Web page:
Part VIII is here.
In this part, Part IX, I will continue to analyze the prosecutors' lawsuit, and will touch upon a very interesting aspect of it, prosecutors' claim that the Commission on their conduct will supposedly encroach upon their exclusive discretion to charge or not to charge a crime, I wrote about it already in Part VI, from the point of view of prosecutors' indignation that they would be prevented from criminally charging whistleblowers against their own misconduct, but there is one more aspect to it.
I already covered in my previous articles the double standard of prosecutors in claiming that allegedly the existence of the Commission for Prosecutorial Conduct will violate the "bedrock principle of democracy", the separation of powers, because, by New York State Constitution, only the Chief Executive Officer of the State, the State Governor, has authority to remove prosecutors from office.
I already wrote that, despite that statement, prosecutors are happy with the current status-quo when not the executive branch (the Governor), but the judicial (in violation of that same bedrock principle of separation of powers) is authorized to discipline those same prosecutors and remove them from office by yanking their law licenses. A double standard.
But, there is one more double standard here.
Contempt of court.
There is such an interesting relic, dating back to the 12th-century England, long before the U.S. emerged and long before the U.S. Constitution (that every judge and prosecutor are sworn to uphold) was adopted.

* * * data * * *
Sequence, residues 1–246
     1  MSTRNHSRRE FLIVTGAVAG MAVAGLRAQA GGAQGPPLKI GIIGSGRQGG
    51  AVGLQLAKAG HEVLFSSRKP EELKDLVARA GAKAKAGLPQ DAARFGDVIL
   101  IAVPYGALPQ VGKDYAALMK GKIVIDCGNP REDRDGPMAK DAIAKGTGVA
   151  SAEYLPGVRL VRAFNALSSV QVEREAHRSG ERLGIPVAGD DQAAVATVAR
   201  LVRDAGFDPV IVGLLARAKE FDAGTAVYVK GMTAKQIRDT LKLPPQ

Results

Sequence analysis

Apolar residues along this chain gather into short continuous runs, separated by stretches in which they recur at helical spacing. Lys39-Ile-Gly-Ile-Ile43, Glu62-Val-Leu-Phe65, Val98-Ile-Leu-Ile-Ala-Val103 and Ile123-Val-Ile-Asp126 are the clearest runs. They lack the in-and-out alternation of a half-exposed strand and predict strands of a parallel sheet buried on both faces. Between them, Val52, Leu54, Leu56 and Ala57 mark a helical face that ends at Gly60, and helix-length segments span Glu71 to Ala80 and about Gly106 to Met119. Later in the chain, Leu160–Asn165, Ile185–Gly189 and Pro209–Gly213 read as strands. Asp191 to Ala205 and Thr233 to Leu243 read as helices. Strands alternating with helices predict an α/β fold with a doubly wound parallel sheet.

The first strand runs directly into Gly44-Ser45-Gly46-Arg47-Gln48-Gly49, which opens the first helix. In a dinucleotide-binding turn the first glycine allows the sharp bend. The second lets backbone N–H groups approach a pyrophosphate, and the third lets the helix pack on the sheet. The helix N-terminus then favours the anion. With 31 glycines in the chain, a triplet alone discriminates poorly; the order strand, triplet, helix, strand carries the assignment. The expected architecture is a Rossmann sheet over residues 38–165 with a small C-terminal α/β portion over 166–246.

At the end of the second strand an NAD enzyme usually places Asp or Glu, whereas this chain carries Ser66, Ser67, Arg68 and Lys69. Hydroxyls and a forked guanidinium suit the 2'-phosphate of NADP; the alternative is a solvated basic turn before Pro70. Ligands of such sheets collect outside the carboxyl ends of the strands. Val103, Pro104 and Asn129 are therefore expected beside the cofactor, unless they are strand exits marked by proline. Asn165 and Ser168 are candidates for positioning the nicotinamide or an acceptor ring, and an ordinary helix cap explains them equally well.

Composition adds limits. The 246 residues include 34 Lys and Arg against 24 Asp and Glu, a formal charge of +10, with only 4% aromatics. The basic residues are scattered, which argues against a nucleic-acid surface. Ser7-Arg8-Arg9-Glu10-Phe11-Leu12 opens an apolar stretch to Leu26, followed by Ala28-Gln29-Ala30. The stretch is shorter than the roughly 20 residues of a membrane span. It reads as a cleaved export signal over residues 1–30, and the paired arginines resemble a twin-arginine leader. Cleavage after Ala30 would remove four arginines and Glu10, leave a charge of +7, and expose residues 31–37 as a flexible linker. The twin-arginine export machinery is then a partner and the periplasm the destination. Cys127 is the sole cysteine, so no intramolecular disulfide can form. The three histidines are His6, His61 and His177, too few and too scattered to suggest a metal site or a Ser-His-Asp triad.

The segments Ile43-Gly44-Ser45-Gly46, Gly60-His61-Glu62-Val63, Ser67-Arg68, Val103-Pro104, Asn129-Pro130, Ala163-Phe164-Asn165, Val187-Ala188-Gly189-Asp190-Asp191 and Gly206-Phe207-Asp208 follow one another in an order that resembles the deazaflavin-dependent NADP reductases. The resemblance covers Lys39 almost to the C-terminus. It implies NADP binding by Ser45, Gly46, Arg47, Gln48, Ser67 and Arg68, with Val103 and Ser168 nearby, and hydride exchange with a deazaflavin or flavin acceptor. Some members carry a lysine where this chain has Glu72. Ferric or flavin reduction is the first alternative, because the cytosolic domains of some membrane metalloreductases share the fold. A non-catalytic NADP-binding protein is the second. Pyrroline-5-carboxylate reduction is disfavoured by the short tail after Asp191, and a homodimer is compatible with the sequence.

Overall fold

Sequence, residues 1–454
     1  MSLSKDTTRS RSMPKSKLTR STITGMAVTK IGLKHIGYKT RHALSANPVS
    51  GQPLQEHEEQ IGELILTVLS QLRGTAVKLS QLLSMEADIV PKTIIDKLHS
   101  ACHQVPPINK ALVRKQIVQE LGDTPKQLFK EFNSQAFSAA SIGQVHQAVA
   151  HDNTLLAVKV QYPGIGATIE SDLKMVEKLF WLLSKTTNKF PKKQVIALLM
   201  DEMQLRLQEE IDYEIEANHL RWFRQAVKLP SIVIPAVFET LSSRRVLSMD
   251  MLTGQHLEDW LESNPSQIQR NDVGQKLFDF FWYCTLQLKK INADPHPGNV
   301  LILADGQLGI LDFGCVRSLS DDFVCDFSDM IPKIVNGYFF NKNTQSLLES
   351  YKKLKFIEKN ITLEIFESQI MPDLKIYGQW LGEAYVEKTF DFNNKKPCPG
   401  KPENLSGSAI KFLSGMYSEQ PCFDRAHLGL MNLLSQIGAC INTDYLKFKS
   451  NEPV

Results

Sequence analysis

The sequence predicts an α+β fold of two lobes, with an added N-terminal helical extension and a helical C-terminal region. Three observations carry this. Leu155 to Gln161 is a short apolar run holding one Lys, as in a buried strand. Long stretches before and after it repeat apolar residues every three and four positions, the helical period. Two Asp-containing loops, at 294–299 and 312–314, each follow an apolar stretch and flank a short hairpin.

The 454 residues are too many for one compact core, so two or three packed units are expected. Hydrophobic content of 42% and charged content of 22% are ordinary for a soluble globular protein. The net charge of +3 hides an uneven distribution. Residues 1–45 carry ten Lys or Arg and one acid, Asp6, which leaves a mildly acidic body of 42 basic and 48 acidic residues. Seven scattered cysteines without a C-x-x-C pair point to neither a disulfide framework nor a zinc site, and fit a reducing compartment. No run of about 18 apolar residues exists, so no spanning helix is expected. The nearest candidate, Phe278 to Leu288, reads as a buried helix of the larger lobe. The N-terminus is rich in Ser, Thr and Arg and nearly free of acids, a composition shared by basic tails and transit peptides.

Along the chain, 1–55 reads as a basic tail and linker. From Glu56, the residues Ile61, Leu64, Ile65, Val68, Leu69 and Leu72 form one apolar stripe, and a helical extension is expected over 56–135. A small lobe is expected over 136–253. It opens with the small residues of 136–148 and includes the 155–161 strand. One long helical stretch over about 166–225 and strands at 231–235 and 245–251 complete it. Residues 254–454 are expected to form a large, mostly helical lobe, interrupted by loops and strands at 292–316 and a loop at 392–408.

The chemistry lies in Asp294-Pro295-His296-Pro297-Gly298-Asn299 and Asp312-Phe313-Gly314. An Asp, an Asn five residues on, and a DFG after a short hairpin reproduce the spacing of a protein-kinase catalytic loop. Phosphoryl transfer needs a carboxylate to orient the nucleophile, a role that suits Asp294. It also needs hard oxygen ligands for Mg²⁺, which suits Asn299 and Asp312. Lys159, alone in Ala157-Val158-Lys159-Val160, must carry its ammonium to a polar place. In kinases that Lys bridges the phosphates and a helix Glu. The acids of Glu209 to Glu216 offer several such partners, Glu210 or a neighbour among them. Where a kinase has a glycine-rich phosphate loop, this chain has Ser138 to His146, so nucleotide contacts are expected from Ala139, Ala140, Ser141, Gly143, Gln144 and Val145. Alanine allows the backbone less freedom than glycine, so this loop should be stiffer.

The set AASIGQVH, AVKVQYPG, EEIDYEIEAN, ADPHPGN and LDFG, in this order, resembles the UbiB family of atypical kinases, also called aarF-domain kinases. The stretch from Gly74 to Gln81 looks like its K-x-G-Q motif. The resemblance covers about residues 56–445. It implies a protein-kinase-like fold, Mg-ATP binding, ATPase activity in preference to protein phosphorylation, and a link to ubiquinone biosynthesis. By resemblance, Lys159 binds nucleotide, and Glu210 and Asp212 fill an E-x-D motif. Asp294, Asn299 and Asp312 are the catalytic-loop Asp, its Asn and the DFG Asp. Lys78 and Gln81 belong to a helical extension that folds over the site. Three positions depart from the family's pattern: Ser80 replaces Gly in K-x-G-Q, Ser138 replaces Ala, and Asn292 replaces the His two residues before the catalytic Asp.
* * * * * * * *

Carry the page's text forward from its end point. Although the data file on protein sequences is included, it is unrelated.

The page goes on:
While prosecutors claim that their authority to charge or not charge, prosecute or not prosecute crimes is there exclusive authority, and attack the law that so much as allows a body investigating prosecutors' misconduct (that so far have racked up a giant number of wrongful convictions in the state of New York) to "encroach" upon that prosecutorial discretion - by giving immunity from prosecution to witnesses of prosecutorial misconduct. Prosecutors are upset that the law has stripped them from their ability to retaliate against witnesses against them, by fabricating criminal proceedings against them.
But, they are, same as with the removal from office issue, absolutely ok to allow judges to charge people with contempt of court "committed in the judge's presence" - and to act as a complaining alleged victim, witness, prosecutor, jury and judge all in one in such cases.
No problem for the prosecution.
And, no problem for the prosecution that there exists a law in the State of New York allowing (supposedly) private parties, not at all any kind of prosecutors, to bring criminal and quasi-criminal ("civil contempt" which New York courts treat no differently than criminal contempt) charges of contempt of court BY MOTIONS within civil proceedings.
That is not, to those same prosecutors, an encroachment upon their "prosecutorial discretion".
I wonder, why the double standard?